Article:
⮚ When you feel your life is being disrupted by your coughing, you shouldn’t just ignore it, you need to get it checked out. It is best to have a doctor examine you and give you peace of mind about your condition, as well as sound advice and the proper medication to help speed up your recovery time.

⮚ Unfortunately, another reason for a cough that just lingers can be a sign of cancer–particularly lung cancer. That is why it is so important to get a lingering or chronic cough checked out. Because then your doctor, if he suspects anything, can order an X-ray and perhaps other tests to rule out more serious issues.

X-ray image of the lungs.

 

 

 

 

 

 

⮚ Sometimes the airways can become constricted, inflamed and blocked. The lungs could produce a whistling or wheezing sound as you breathe. This wheezing can be associated with a few causes which can be treated. But wheezing can also be a symptom of lung cancer which once again, is why you should not ignore a chronic cough and have it checked out. You should not assume that wheezing is caused by allergies or asthma. You need to have your doctor confirm the cause.

⮚ Hoarseness–when your voice sounds deeper or is raspier, is also time to get checked out by the doctor. Even though hoarseness might be caused by a simple cold, these types of symptoms can also point to something more serious when it just keeps on persisting for more than a couple of weeks. Hoarseness which is related to lung cancer can occur when a tumor that you might have, affects the nerve which controls the voice box.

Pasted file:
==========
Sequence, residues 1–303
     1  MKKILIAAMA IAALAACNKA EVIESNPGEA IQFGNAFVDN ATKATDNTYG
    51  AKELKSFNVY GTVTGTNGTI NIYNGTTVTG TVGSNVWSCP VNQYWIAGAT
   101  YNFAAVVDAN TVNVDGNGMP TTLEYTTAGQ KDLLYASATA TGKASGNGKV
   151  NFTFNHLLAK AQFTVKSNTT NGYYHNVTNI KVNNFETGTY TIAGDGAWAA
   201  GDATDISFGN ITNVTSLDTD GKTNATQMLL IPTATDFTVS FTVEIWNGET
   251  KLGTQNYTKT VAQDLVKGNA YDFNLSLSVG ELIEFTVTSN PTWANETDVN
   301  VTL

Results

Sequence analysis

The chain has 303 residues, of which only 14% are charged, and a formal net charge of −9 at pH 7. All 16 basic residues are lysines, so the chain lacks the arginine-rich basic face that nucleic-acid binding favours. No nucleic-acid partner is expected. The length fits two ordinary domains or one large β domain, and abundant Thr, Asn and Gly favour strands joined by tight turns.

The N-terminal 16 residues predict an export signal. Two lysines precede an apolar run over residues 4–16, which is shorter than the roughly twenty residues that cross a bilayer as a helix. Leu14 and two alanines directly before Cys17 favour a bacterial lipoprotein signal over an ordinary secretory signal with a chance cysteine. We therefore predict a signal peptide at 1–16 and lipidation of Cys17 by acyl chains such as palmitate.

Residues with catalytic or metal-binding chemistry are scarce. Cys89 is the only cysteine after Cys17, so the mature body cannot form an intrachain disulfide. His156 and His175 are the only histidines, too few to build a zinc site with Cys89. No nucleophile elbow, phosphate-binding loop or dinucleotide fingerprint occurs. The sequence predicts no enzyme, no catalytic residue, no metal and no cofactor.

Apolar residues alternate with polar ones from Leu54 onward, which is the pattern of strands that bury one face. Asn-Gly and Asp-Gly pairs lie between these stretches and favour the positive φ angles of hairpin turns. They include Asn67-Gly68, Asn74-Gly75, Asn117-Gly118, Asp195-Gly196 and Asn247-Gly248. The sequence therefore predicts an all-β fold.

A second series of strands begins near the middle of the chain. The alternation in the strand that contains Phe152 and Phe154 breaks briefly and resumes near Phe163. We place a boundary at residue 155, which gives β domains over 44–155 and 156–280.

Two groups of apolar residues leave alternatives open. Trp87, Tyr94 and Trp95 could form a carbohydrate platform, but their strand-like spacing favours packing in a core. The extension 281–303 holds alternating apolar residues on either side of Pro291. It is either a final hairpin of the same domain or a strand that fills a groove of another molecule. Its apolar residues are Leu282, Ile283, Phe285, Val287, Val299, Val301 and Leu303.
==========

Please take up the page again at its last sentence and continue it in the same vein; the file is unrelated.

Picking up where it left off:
What to do to get rid of the cough

Out there in nature, there are ways to treat a cough and get rid of it naturally. Just remember, though, that the U.S. Food and Drug Administration (FDA) doesn’t monitor herbs and supplements, so you use them with caution and read up before you decide to take any. But in saying that, there are many people who believe in natural remedies to treat coughs, whether it is from allergies or from the flu. It is best not to mix natural medications with conventional medications from your doctor because this can result in unwanted side effects. Let’s take a look at some natural remedies:

1. Honey tea

All you do is drizzle some honey into your tea with a slice of lemon. Honey is a superfood and is noted for relieving coughs. Drink this tea mixture once or twice a day. Don’t give kids under 1-year old honey unless your medical doctor or pediatrician says it is ok.